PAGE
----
A New Employee Theft Study
Employee theft is one of the most rampant and costly issues faced by today’s public and private business owners. Recent research estimates that business crime costs the U.S. approximately $186 billion annually. Realize that corporations pass that cost to the consumer and this gets personal in a hurry. What drives employee theft?
Historically, crime has been perceived as an activity of the nonworking or lower-class members of society. Surprisingly, some do not consider illegal actions that occur during the course of business to be crimes at all. Add to that startling revelation the fact that most individuals spend the majority of their adult lives at their workplace and you have a recipe for disaster.
It would be nice if we could have answers to the following questions:
- Who is committing theft?
- What are the characteristics of store locations that lead to loss?
- How much loss is occurring on an annual basis?
- What is the cost of internal theft?
- What prevention techniques are being used in an attempt to control and prevent loss?
- What are the motivations to commit internal theft?
Dana N. Baxter endeavored to answer these questions in a recent doctoral thesis entitled Who Is Taking the Shirt Off Your Back? A Multi-Method Analysis of Theft at a Specialty Retailer. I discovered this work through the pages of the September – October 2014 issue of LP Loss Prevention Magazine.
It was expected that employee turnover and managerial turnover would have a great impact on employee theft, but this was not found to be true. In fact, the largest losses were found in those stores with the greatest number of managers. Clearly, managers do not cause theft. This finding would indicate that the highest losses are found in the largest stores. (Duh!) This was especially true of stores in malls located in urban areas experiencing higher levels of social strain.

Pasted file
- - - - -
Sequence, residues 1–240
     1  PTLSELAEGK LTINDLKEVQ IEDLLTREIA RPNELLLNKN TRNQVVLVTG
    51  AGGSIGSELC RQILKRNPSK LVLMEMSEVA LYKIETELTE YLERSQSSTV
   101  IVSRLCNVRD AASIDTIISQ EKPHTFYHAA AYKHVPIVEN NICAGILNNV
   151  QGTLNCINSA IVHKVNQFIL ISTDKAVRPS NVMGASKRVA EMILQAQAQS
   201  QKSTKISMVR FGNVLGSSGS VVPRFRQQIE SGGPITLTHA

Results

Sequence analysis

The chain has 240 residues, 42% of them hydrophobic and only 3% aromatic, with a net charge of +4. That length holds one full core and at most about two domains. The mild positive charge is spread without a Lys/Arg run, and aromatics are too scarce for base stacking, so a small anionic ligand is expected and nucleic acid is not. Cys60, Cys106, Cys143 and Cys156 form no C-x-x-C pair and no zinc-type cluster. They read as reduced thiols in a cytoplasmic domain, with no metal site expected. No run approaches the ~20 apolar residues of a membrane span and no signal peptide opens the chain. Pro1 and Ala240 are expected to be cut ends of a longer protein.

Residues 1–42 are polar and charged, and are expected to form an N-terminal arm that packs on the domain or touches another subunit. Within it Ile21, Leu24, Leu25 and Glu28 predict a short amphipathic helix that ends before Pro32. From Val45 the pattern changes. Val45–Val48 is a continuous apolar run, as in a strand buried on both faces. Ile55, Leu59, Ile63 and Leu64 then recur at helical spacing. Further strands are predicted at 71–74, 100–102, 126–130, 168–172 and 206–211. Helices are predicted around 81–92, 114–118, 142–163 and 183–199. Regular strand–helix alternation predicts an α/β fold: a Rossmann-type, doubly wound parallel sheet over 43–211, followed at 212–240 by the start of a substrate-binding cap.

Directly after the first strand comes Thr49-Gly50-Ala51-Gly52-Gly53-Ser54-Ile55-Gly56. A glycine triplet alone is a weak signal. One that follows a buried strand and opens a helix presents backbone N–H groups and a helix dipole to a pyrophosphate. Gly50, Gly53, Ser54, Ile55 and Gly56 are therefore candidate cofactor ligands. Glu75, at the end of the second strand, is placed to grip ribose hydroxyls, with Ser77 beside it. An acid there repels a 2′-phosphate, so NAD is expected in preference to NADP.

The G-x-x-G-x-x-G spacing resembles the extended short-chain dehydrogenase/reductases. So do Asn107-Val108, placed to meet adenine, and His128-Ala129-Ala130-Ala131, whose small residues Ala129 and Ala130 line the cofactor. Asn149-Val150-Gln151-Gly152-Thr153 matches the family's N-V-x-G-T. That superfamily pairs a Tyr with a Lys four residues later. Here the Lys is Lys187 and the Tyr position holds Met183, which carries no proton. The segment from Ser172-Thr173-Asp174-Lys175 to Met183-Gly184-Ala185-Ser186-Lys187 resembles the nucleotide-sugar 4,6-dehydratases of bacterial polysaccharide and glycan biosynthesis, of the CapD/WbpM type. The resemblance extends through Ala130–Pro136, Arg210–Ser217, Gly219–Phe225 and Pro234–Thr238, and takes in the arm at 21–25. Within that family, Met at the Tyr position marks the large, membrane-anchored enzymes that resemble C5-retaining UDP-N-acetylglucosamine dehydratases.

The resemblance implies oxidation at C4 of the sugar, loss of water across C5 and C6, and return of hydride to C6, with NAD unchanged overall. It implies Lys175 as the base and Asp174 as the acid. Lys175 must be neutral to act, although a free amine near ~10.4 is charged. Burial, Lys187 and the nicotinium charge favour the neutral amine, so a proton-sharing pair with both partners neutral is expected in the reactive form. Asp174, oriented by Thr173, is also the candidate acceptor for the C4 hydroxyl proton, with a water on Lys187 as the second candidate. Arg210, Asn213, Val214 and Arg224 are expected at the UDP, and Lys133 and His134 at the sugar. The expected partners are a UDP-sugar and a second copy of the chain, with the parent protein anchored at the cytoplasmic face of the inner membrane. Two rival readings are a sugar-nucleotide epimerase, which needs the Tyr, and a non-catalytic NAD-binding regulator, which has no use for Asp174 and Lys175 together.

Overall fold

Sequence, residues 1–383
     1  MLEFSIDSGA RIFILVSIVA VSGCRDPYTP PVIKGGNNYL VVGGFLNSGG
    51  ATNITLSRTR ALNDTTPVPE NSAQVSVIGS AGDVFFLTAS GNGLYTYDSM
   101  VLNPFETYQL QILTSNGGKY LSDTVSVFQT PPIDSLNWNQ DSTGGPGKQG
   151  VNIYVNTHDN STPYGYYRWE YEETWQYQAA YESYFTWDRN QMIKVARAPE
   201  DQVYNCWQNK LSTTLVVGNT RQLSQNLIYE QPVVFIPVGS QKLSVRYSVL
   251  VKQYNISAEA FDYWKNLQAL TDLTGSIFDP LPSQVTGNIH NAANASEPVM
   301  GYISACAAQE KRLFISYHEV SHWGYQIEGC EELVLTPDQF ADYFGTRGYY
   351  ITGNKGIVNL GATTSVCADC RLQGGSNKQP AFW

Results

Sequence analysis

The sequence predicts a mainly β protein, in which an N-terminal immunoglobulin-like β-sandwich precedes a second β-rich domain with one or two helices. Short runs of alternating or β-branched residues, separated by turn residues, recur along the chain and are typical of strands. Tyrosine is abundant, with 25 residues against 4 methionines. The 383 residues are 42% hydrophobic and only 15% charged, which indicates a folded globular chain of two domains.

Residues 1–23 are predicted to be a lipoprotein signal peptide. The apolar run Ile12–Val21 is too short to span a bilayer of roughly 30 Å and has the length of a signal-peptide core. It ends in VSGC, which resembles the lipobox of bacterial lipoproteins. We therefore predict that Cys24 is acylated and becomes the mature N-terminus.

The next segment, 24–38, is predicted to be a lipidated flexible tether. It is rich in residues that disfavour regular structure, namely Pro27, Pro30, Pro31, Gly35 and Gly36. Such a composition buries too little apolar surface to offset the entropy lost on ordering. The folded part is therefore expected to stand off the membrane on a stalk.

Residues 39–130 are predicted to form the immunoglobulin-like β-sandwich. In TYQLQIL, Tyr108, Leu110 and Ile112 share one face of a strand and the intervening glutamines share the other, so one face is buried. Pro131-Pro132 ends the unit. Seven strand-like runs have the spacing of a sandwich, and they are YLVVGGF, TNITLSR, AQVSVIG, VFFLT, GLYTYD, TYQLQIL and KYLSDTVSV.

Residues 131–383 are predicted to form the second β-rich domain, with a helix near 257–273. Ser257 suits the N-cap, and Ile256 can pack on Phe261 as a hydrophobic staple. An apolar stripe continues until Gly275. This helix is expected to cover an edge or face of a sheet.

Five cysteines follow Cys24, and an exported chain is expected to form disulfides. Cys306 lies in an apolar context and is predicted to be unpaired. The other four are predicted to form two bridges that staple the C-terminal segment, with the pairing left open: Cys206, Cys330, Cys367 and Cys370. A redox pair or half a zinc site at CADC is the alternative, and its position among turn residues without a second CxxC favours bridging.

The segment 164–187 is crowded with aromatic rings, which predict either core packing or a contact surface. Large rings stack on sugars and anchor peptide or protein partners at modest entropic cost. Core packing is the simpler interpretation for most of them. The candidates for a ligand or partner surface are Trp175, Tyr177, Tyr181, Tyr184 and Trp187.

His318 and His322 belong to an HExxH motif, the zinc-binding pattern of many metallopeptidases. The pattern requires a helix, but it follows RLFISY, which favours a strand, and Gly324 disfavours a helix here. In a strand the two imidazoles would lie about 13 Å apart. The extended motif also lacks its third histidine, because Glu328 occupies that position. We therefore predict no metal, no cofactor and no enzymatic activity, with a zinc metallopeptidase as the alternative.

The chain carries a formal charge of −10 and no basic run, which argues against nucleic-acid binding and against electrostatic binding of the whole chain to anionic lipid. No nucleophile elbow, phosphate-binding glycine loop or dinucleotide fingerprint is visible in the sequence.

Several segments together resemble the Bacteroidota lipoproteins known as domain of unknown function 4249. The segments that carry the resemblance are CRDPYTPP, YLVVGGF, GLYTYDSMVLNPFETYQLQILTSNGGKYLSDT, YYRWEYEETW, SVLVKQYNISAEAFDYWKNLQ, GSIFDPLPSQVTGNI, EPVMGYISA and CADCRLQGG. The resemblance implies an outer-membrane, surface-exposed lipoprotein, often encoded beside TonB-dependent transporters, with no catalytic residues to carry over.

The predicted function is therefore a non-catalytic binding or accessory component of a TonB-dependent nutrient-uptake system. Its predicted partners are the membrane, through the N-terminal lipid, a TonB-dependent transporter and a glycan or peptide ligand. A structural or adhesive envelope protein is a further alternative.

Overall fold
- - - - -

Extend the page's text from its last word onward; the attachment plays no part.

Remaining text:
High levels of loss were also noted in “lifestyle centers” located in the wealthier suburban areas. Many of these stores had more doors making for a faster get away.
Only 20% of the stores had CCTV. Of the stores that had CCTV, it did not have any significant deterrent effect.
In examining the demographic characteristics of the dishonest employee, the employee was most likely male, younger and low tenured.
What were the motivators for the thieving behavior? One typical response was, “I knew I was worth more.” In other words, “You aren’t paying me enough so I am going to take what I deserve.”
Another reason given was that there was a conflict with the management team at the store. I suppose it was “get even” time. It was further observed that the perps had a poor work ethic, believed that they were not being compensated fairly, and many of them are bringing large amounts of debt to the workplace. Some stole for extra fun money, believing they would never get caught. Older individuals took money for gambling debts, divorce and medical bills. Other individuals committed theft because they were trying to maintain an image.POS Plus has security solutions that can help you with your employee theft problem. We offer SOLUTIONS.